My father's lawn is being visited daily by a rare black pheasant. There are usually one or more cute little female pheasants nibbling around at the time, over which he affects to watch from a distance.
Another rara avis lives a few blocks away from us in Antigua − a parrot that can bark like a dog! It may not be quite as startling as the Alsatians or St Bernard's that typically lurk in vocal readiness just behind the iron garage doors, but it definitely sounds canine. And according to the housekeeper in the next-door property, its owner has also taught it to croon that famous old ranchera Cucurrucucu Paloma! I didn't get to experience this phenomenon live and unplugged, but it can't have been any worse than the recent rather constipated version by Caetano Veloso.
Otherwise, it's an extremely quiet neighbourhood. Most of the homes are occupied solely by their guardians and receive but occasional visits from their absentee owners. Almost every passing tradesman bears his own audio signpost though: a signature noise to alert anyone shaded away inside these private strongholds that a buying opportunity is moving slowly along the road outside. It's fun to listen out for them. My personal favourite is that of the knife-sharpener; clearly fit to purpose.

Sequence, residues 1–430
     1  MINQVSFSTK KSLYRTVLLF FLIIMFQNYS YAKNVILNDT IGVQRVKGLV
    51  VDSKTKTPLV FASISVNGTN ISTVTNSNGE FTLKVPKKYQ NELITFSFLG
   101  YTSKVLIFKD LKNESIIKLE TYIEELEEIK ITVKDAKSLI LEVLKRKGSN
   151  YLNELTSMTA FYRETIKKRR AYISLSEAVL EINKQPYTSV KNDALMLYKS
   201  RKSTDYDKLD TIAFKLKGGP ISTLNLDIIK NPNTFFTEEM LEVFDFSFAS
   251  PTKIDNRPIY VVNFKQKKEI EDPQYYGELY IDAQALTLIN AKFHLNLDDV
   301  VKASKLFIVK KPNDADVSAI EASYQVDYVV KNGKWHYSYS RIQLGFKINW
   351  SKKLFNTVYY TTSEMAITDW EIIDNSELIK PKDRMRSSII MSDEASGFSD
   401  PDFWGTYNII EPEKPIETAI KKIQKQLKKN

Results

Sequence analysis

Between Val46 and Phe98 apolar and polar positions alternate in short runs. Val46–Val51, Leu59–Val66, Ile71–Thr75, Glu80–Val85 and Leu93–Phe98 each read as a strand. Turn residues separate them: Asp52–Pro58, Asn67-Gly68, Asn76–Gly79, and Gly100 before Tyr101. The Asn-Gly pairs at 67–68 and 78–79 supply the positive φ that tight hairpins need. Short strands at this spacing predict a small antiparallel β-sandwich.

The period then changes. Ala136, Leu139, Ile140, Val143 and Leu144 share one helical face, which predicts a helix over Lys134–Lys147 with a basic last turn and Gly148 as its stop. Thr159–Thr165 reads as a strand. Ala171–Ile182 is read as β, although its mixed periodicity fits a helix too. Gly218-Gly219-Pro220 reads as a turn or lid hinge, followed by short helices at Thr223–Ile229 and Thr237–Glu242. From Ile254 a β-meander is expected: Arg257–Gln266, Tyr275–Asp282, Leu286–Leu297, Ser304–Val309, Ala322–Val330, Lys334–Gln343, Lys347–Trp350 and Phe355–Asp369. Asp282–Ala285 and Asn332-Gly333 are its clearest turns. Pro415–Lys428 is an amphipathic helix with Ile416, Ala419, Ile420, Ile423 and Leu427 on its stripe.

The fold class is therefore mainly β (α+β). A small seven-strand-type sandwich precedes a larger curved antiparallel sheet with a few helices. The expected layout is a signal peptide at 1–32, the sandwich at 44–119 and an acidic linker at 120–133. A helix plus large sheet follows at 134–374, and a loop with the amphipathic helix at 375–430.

'Jardines' is bordered to the west by a finca (Pavón) with sizeable coffee plantations shaded by Gravilea trees, some of which have been left inside the residential area to do a similar job for patches of what currently passes for common land.
Arzú's is the largest house in the area, not that you can catch even a glimpse of it through its thick protective armour of plaster and vine-covered walls and magnificent, towering ficus. He keeps a private menagerie in the grounds − you can sometimes hear the chatter of monkeys and there are wild rumours about a giraffe!
Some pics from around 'Jardines de Antigua'.